If Reynolds follows an international path not entirely unlike Féval’s for contextually parallel reasons, in his next novels Féval worked along a richer and more positive version of the same themes. After Les Mystères de Londres he published regularly – Le Bossu (1857) was the most successful, a Europe-wide disguise-based melodrama, but he also dealt with England and Ireland at times, and turned back to international themes in Jean Diable appearing in 1862-3. Brian Stableford, its translator and a serious Féval scholar, has claimed it is the first police detective novel: that view is over-excitable: but the novel is still interesting for its internationality.

It starts in Paris 1863, its year of publication, but looks back to London, in 1817 – watch this date. Gregory Temple is Scotland Yard’s leading detective – some 24 years before they existed and he has been there since 1790, a revolutionary date there as well. He has written a major book on the art of detection entitled The Art of Discovering the Guilty, stressing – well ahead of Sherlock Holmes -- that apparent impossibility is the way in to solutions. He has an assistant, James Davy. The big current case is the murder of Constance Bartolozzi, in London. It may involve the mysterious and polymorphous master criminal Jean Diable, John Devil. There are sudden problems: Gregory drafts his resignation and stalks out. James Davy remains behind. He goes through the files and destroys some. Have you noticed his initials ?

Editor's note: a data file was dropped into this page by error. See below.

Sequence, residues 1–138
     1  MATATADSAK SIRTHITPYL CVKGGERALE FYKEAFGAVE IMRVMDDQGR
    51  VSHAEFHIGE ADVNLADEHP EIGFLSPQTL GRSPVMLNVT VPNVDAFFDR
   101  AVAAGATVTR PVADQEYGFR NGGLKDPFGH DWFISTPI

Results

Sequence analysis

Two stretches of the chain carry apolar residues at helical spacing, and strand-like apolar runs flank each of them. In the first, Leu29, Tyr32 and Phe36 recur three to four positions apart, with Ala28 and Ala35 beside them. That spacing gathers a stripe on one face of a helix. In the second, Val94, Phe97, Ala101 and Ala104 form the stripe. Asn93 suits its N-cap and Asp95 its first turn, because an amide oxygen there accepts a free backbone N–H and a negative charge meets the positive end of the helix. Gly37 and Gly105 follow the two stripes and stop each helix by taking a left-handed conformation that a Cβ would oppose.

The story relocates to France where it will stay, though it makes a range of international adventures, mostly in back stories. Central, if also multiple in identity is Henri de Belcamp, son of the Marquis de Belcamp, and so he is Comte de Belcamp. The father lives in a castle in a peaceful part of the Oise valley – Féval likes these rural settings not far from Paris. But Henri has been away for a long time. His mother was an English beauty called Helen Brown, the daughter of a rich brewer. Both his partners became the fiancé of Constance Bartolozzi, recently murdered, who also came from Miremont-sur-l’Oise. There is too much riotous elaboration of plot to bother with, either here or in general, but what we do need to know is that the Marquise Helen moved on, and started drinking and stealing, but she also supported Henri when he studied. And did he study? He started at Edinburgh, and by now, 1817, has gathered five doctorates, from Edinburgh, Cambridge Tubingen, Prague and Jena. He returns home to the castle and seems to like the local beauty Jeanne, inheritor of nine million francs. Money floats around Féval novels in huge amounts, sometimes as forged banknotes, but not here.